The Crucible is an unfolding nightmare of accusatory spite that is seen as an allegory of the anti-Communist witch trials in Hollywood in the 1950s.Can it escape that allegory and find another, I ask him.

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Richard Crispin Armitage is an English actor famous for his roles as John Thornton in North and South, Guy of Gisborne in Robin Hood, and Lucas North in Spooks.

He is currently cast as Thorin Oakenshield in the two-film adaptation of The Hobbit.

Richard Armitage is trading hobbits for “Hannibal,” joining the NBC drama for a six-episode arc in its upcoming third season.

“The Hobbit” star will play Francis Dolarhyde, a serial killer with a penchant for biting his victims — earning him the nickname “The Tooth Fairy.” Dolarhyde was the primary antagonist in Thomas Harris’ “Red Dragon” novel and subsequent film adaptations “Manhunter” and “Red Dragon,” which featured Tom Noonan and Ralph Fiennes in the role, respectively. Also joining the “Hannibal” cast in season three is Joe Anderson, who will be replacing Michael Pitt in the role of Mason Verger.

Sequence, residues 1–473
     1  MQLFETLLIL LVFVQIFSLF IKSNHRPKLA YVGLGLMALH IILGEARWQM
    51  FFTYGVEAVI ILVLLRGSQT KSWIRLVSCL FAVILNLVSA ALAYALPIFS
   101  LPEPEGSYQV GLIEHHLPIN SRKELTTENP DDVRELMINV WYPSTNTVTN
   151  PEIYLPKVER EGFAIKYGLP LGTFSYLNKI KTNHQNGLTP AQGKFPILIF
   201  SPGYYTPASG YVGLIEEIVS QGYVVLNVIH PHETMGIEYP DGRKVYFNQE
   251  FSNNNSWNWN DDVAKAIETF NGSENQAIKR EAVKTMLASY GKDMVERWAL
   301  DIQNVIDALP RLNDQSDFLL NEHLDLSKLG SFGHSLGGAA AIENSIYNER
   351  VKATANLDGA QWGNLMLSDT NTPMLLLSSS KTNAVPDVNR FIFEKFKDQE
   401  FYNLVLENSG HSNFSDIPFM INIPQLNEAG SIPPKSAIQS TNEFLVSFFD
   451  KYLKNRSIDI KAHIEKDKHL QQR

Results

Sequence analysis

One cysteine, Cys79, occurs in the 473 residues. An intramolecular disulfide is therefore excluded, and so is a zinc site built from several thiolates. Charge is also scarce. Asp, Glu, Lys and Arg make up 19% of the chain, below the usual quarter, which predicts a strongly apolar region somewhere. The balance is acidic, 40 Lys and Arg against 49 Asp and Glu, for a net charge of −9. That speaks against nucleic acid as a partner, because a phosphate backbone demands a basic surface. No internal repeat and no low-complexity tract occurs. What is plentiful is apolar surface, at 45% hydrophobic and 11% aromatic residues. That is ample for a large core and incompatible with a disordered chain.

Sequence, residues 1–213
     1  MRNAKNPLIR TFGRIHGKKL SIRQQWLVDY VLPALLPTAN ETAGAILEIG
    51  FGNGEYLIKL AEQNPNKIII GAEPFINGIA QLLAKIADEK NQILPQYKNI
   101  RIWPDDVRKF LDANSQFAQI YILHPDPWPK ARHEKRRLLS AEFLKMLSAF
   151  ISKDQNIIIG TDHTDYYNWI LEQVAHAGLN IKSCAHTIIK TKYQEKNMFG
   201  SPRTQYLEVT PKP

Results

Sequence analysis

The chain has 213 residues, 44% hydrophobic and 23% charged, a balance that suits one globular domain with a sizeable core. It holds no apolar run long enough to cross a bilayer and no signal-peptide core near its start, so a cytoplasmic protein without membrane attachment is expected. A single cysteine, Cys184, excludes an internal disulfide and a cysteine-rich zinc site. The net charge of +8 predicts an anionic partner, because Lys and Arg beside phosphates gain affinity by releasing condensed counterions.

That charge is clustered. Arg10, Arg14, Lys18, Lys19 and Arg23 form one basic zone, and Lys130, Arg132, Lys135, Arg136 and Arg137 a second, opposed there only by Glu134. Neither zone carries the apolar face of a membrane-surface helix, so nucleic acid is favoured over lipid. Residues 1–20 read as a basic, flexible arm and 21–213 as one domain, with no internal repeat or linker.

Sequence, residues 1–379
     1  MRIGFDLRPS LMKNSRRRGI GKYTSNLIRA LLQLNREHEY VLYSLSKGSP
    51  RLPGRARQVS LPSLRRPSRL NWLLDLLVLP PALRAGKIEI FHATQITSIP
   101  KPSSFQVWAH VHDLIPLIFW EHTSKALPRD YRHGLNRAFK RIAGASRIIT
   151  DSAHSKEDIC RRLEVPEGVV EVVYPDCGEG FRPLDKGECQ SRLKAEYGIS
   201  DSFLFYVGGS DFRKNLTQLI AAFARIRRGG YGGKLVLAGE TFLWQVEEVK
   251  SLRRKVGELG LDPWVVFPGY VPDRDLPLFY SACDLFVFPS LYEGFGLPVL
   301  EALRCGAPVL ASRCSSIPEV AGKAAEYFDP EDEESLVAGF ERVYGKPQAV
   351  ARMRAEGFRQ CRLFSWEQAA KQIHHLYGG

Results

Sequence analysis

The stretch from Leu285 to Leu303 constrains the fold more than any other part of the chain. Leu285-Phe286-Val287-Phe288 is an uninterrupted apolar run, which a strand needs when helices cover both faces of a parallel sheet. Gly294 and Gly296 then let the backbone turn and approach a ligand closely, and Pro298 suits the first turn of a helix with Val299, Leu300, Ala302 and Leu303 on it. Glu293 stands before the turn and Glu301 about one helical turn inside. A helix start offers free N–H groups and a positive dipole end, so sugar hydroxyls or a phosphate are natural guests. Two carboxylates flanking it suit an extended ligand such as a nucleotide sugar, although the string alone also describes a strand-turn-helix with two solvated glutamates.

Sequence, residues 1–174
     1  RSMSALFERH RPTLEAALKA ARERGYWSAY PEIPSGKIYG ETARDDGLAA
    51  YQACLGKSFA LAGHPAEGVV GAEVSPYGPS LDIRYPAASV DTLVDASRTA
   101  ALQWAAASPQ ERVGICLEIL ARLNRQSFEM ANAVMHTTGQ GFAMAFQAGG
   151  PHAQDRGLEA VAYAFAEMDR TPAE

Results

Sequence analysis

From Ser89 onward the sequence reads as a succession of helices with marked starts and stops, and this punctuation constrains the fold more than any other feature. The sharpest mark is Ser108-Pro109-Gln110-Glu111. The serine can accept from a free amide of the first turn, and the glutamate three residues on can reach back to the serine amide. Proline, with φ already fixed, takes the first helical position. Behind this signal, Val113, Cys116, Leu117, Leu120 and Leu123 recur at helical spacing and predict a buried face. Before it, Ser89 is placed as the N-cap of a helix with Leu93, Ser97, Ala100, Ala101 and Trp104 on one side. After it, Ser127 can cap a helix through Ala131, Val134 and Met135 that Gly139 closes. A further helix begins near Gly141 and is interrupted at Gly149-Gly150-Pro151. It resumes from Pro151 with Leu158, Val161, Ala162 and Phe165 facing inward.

Recurring guest star Gillian Anderson has been promoted to series regular for the new season.

Richard Armitage arrives in the tiny, cluttered stage manager’s office of The Old Vic straight from rehearsals for Arthur Miller’s The Crucible.

He’s bearded and dressed in thick shapeless trousers, heavy boots, and a rough collarless cotton shirt open at the neck to reveal a broad chest. Anyone who knew the 42 year-old only as the dwarf Thorin Oakenshield in The Hobbit films might have quite a shock.

Television viewers who associate him with double agent Lucas North in Spooks, nasty Guy of Gisborne in Robin Hood, or the character based on SAS man Andy Mc Nab in Sky One’s Strike Back would know different. Armitage is to play the tormented John Proctor in the playwright’s terrifying account of the 17th century Salem witch trials, in which Proctor’s adulterous relationship with a young woman sparks a vengeful chain of events that leads to the deaths of many.

“You can’t play this story without addressing sexuality in this particular society in this time, the masculinity of the men, the femininity of the women, the vulnerability of prepubescent girls.